ASU awarded $380K Mellon Foundation grant to design and develop inclusive library print collections


January 9, 2018

Arizona State University has been awarded a $380,000 grant from the Andrew W. Mellon Foundation for a three-year implementation project to reinvent the library’s strategy and practice for open-stack print collections. The work will enable ASU Library to design and develop inclusive library print collections for ASU Library to engage, educate and inspire scholars and learners of the ASU community.

Under the leadership of University Librarian Jim O’Donnell and Associate University Librarian for Collections and Strategy Lorrie McAllister, the project — titled “The Future of the Arizona State University Library Print Collection: A Collaborative and Data-driven Approach to Stack Design and Curation” — follows a yearlong planning process, supported by the Mellon Foundation, in which ASU Library identified issues and options affecting the design of the next generation of open-stack print collection for a research library.  A student looks at book in Hayden Library bookshelves Photo by Charlie Leight/ASU Now Download Full Image

As libraries adapt to new pathways for organizing information and access in the digital age, institutions face the important challenge of preserving print collections in ways that best serve the public. What becomes of the print collection that users see on open shelves in an age when more and more of libraries’ collections are shelved offsite?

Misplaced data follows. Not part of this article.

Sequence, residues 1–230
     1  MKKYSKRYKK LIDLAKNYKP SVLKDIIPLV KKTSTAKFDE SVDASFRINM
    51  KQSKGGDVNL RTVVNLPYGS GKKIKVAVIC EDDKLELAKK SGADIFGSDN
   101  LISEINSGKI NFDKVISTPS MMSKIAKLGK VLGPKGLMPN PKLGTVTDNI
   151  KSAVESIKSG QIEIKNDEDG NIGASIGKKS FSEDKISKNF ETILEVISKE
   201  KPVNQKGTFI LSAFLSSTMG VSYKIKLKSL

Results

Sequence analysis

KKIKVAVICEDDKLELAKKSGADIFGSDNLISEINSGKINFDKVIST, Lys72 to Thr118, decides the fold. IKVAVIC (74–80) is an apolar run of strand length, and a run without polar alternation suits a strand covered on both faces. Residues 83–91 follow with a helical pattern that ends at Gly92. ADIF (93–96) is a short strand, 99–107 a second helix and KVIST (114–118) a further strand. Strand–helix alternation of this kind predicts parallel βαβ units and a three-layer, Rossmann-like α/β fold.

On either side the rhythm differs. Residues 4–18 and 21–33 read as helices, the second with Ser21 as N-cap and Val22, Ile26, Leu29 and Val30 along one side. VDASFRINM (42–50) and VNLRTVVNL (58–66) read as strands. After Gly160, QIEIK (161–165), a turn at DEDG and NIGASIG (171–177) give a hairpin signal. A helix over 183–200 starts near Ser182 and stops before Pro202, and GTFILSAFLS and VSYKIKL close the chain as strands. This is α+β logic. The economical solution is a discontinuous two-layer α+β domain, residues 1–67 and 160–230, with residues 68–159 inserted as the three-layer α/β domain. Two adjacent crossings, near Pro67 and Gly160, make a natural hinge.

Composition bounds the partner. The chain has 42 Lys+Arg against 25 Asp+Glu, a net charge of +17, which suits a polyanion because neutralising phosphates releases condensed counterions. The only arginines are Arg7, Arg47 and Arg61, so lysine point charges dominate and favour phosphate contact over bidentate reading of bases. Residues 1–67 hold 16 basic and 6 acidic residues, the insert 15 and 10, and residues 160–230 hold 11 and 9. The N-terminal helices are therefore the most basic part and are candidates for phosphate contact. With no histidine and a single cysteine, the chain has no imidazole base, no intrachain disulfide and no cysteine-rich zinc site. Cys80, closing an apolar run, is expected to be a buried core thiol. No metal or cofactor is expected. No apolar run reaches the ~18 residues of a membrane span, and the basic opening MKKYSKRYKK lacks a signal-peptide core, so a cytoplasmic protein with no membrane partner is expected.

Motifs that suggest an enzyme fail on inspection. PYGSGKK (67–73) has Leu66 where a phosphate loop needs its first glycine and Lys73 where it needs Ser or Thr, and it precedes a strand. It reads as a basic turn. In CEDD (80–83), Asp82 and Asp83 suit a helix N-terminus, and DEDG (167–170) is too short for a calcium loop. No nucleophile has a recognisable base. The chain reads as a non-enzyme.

Rather than viewing these new forms of access as a threat to print, ASU Library recognizes a vital opportunity to leverage the design and curation practices in ways that engage a broader spectrum of students and scholars in new ways.

“All the scholarly work of the last generation on the history of the book has shown that physical books have always had many functions and complex social dimensions,” said O’Donnell, principal investigator. “Reading a print volume closely and attentively remains a powerful practice for learning and research at every level, but flipping the pages of a print volume in slightly more than idle curiosity remains powerful as well. Print volumes give visibility and visual character to the past and present artifacts of culture. If ‘out of sight, out of mind’ is a true-enough proverb, then what is in sight will be what is in mind — and we can control that in our libraries. How can we best shape the experience of our users in approaching our libraries by the resourceful use of print?”

“ASU is committed to serving a diverse student body and fostering a community wherein the accessibility of education is a guarantee,” said ASU President Michael M. Crow. “We look for ways to unlock access to knowledge and information for the broadest cross-section of students in our community, who in turn reflect the diversity of our surrounding communities. This project will not only create a sustainable model for ASU’s print collections lasting into the future, but it will also extend the depth and breadth of our students’ access to information literacy and tools for independent inquiry.”